In the beginning...
Updated: Aug 5, 2020
On a sunny afternoon of October 2015, on a busy London construction site, my entire outlook on life would completely change within a matter of minutes. It was my very first, of many, panic attacks. I was at my desk when a crushing pain arose in my chest. I got up and had an overwhelming feeling of dread suddenly rush through my body. I could barely see straight, my heart was thumping through my chest, I had gone pale and was almost certain I was dying. At that point I grabbed hold of my site manager and somehow managed to mutter that I had extreme chest pains and to call an ambulance. The poor man sat with me whilst we were waiting and so delicately wiped away my tears whilst constantly reassuring me (this was to be one of the loveliest things to ever happen on a construction site, surely?)
Once the paramedics arrived I was taken into an ambulance and had strange sticky things attached to my body. I was shaking, couldn't contain my emotions and was still certain I was going to die and they were wasting time with the stickers and should in fact be filling out my death certificate. I, however, was wrong (shockingly, as this never happens) and they confirmed I was in fact not dying but had a panic attack. Of course, I did not believe them and told them I had never felt such crushing pain and it must have been something physical. They started talking to me about my day to day life (retrospectively this was to calm me down, however you should never turn down someone pleasantly talking to you in London so I humoured it). We discussed my pets (at the time two cats, one recently procured called Toby who was giving my older cat problems and the older cat, Minette, who cares not for anyone but has the cutest pink nose, more on pets later).
I mentioned a week or so prior my grandfather had passed away and, due to religious reasons as well as travel problems, I wasn't able to attend the funeral. He was a big part of my life when I was growing up, and I allowed myself to be sad for a bit but got over it fairly quickly as I do with most things. All the paramedics looked at me with such a pitiful look, both feeling sorry for what had happened but more so for my complete lack of understanding as to what was happening to me. I was told to take some time off, keep calm and go to my GP to see what the best thing to do for me was going forward. I was picked up by my ex-husband-to-be (more on this later) and off we went on our way home. By this point I was petrified that what had just happened to me would end up happening again, so i was literally panicking about having another panic attack. Great.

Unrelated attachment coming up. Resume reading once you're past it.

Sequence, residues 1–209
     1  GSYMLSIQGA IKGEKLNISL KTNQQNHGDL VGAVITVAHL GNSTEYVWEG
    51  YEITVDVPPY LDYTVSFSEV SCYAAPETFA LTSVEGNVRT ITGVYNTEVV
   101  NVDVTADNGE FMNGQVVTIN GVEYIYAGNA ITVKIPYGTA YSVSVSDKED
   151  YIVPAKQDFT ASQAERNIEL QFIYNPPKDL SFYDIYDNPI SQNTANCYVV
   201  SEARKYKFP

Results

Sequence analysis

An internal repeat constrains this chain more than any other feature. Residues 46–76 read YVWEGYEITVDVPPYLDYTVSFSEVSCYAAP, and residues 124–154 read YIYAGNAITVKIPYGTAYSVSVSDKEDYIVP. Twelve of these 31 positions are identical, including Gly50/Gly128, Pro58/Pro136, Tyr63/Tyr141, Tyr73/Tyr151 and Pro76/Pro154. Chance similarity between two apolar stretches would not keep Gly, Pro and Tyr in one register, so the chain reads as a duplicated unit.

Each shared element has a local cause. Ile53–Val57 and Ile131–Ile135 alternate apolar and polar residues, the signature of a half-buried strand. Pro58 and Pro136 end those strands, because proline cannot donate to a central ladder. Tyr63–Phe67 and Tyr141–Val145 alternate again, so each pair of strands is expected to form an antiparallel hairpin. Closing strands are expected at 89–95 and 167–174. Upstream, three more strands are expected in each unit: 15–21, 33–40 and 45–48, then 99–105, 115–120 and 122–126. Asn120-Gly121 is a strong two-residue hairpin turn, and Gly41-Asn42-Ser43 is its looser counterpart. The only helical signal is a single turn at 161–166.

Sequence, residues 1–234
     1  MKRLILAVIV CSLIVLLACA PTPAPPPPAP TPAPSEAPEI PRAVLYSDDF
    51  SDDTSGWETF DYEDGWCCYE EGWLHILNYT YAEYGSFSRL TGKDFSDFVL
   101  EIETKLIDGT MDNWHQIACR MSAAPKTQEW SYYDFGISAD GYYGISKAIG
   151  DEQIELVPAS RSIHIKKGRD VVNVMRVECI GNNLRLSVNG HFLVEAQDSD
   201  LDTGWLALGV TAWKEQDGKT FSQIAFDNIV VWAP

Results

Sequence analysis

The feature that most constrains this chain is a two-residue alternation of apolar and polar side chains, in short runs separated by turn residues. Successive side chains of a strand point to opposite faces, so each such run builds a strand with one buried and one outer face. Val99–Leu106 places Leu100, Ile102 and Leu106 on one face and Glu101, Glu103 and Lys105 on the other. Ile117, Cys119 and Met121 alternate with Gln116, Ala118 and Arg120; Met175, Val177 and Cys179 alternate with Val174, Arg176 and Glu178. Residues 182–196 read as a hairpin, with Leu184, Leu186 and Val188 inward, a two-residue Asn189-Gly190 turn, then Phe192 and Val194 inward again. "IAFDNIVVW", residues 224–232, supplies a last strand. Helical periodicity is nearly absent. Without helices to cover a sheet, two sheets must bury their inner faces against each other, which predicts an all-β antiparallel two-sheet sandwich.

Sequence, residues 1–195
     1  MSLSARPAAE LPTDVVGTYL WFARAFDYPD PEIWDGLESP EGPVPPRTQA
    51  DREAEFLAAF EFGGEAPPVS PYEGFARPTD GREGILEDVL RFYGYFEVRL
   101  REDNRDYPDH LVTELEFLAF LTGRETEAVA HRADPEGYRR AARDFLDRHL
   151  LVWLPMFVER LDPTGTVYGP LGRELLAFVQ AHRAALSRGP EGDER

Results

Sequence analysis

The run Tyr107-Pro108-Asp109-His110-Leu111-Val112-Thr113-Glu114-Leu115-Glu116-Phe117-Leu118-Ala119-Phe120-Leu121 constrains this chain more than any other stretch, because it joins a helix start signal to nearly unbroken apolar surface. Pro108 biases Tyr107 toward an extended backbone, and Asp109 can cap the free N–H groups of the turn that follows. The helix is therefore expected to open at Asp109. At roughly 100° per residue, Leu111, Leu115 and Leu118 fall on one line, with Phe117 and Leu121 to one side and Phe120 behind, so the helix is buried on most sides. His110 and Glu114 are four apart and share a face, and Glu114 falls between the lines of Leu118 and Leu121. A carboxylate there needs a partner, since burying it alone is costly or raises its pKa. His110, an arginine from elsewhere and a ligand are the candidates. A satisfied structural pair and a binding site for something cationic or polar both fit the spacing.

I would like to point out before all this I was an average, perfectly content, working young woman. Someone who was incredibly strong and powered through any issues that arose. I also thought that mental health was something easy to deal with and just a spa weekend could fix depression. Again, I was wrong (god, I hate writing that). A day or two had passed, i was still continuously in and out of panic attacks. I had started to feel a sense of losing my mind, that I may be going crazy and that maybe, just maybe, this was all just a dream and I was in fact already dead and none of it was actually happening. I know, what a wild ride. I attempted to return to work the following week. This was a BIG mistake and not a good idea at all. Luckily, at the time, I had an employer who was genuinely understanding and told me to take as much time off as I needed, as well as alternate my start and end time to avoid congested public transport.
Several GP visits later, many counsellors, 1000's of milligrams of Citalopram and an unthinkable amount of research later, I'm still here. Not dead. A bit frazzled mind you, but most importantly, with an inner strength that I never knew I had. Unfortunately, in those four years life had not stopped. One dog, one marriage, one divorce, one house move, a couple deaths, two job changes, many failed dates and now a plague, life doesn't give you the time to fix your mental health on its own and then pick up where you left off. Instead it actively kicks you in the balls which is why I believe people that suffer with mental health problems and still proactively act as normal citizens should be classified as super heroes (if I do say so myself). This is why this blog has come to life, to let you know you are NOT alone. I'll share my personal experiences, the research I've come to find and the joy I've found in cooking to ease my anxious ways... as well as other small things I think can assist anyone on their turbulent mental health journey :)